The Seven Ages offers no character development or plot, as one might expect of a Victorian or Edwardian novel, yet the narratives from the past of those long dead are profoundly moving: There is the sense that one is hearing authentic voices. From old papers, the Narrator reads incomplete facts about Isabel, Lady Lucy’s daughter. From her own grandmother, she learns of Sophie, the Matriarch, and Dora, the granddaughter. The voices from the present, like the voices from the past, offer no internal stream of consciousness or the entire life of any one woman. The character of the Narrator emerges from her memories, her thoughts about her daughters and her conversations with them.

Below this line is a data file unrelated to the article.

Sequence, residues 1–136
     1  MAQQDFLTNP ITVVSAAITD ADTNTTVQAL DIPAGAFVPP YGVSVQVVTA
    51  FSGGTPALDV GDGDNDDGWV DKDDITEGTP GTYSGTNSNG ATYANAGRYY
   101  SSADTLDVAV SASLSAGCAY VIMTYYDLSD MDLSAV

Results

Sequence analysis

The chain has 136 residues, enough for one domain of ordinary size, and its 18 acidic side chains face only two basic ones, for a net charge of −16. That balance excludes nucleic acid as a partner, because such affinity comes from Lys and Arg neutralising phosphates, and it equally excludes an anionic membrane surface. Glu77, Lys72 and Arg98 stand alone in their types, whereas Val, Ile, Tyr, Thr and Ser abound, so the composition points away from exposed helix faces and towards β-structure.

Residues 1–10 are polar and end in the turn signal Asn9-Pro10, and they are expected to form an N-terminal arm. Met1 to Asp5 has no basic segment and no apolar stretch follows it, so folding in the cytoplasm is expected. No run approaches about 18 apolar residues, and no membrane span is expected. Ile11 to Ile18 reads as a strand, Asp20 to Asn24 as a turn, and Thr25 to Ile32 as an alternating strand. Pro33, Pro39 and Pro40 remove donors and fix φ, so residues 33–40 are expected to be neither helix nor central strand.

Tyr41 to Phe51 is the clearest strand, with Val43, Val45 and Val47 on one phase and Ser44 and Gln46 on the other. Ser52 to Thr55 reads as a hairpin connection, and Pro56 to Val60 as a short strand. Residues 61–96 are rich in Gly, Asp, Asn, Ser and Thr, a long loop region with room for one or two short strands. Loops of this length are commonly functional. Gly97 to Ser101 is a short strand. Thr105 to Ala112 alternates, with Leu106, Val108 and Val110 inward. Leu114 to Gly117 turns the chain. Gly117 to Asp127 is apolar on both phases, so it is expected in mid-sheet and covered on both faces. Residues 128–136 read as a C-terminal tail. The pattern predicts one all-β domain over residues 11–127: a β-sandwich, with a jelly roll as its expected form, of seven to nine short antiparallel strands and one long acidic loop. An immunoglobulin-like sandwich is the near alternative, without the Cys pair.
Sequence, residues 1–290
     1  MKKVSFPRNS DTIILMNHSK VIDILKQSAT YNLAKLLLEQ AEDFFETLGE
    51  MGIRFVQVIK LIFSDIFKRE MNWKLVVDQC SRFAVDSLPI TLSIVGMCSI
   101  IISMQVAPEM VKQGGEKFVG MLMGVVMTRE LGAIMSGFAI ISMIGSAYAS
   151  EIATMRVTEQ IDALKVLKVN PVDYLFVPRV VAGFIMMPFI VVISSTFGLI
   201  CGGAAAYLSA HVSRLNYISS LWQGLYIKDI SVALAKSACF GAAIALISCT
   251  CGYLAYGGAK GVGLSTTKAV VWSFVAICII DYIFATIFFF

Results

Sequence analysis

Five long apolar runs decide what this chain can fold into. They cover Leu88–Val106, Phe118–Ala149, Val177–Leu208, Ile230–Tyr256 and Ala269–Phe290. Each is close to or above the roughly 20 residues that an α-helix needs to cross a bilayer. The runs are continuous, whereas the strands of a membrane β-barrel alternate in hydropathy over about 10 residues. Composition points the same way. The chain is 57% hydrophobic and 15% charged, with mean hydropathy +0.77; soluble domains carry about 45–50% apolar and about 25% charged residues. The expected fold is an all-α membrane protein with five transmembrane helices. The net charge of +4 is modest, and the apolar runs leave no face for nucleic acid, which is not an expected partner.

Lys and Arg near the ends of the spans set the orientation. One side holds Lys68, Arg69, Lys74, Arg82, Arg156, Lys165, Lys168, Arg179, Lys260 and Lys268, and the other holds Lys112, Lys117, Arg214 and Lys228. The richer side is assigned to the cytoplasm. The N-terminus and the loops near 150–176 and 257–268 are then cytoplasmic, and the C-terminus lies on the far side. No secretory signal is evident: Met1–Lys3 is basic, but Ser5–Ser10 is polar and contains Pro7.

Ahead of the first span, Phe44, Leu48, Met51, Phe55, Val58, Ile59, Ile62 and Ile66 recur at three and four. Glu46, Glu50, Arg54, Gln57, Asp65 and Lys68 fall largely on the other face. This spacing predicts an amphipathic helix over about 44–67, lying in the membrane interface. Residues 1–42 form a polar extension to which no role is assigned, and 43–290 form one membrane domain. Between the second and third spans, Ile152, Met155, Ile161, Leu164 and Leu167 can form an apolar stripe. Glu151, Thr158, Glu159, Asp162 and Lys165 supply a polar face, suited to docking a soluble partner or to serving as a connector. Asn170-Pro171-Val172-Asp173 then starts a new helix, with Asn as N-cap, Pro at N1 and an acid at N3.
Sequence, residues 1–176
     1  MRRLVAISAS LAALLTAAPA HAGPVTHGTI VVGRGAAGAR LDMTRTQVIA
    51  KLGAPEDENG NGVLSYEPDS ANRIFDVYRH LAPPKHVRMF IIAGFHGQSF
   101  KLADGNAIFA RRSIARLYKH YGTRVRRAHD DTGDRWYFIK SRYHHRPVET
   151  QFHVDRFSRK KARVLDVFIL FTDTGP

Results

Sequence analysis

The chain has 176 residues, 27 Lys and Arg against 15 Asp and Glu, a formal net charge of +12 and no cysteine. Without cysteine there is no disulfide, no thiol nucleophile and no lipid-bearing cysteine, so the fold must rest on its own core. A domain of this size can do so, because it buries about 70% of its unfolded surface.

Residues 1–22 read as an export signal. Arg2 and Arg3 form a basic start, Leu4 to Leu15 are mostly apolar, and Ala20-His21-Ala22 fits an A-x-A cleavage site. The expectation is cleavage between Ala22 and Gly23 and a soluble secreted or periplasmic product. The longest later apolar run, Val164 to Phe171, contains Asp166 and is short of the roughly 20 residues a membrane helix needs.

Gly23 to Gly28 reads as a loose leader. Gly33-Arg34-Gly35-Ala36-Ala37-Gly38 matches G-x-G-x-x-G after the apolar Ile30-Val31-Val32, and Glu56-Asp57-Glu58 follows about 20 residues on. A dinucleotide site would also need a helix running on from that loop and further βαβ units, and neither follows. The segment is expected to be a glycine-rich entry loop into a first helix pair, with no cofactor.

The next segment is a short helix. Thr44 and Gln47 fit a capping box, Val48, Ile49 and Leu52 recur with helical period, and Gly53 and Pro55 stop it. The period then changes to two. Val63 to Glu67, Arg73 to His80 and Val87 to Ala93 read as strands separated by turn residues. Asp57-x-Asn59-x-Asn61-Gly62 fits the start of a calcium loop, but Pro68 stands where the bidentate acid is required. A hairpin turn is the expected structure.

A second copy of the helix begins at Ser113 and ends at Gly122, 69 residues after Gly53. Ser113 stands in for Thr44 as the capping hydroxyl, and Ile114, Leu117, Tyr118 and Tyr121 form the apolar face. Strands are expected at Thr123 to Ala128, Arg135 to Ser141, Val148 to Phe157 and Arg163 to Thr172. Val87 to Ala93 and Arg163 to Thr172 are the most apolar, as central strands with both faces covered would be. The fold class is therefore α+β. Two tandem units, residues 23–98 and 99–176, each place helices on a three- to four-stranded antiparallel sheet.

The reader knows very little about Kate and Sally other than their mother’s perceptions: Kate is an empiricist and a hardworking realist, as well as a dedicated doctor. Sally, a struggling and vulnerable idealist, is a young mother having a predictably difficult time financially, as her mother worries that her grandchildren will not survive in inadequate housing. The reader learns that Sally had an abortion, but no further details about her life are provided or needed: Women, individuals, must choose among their available options.
With a small amount of money, the Narrator has several options. This woman has apparently been happy in her profession and is no revolutionary. She locates her childhood in the country under the influence of her grandmother and her...
(The entire section is 416 words.)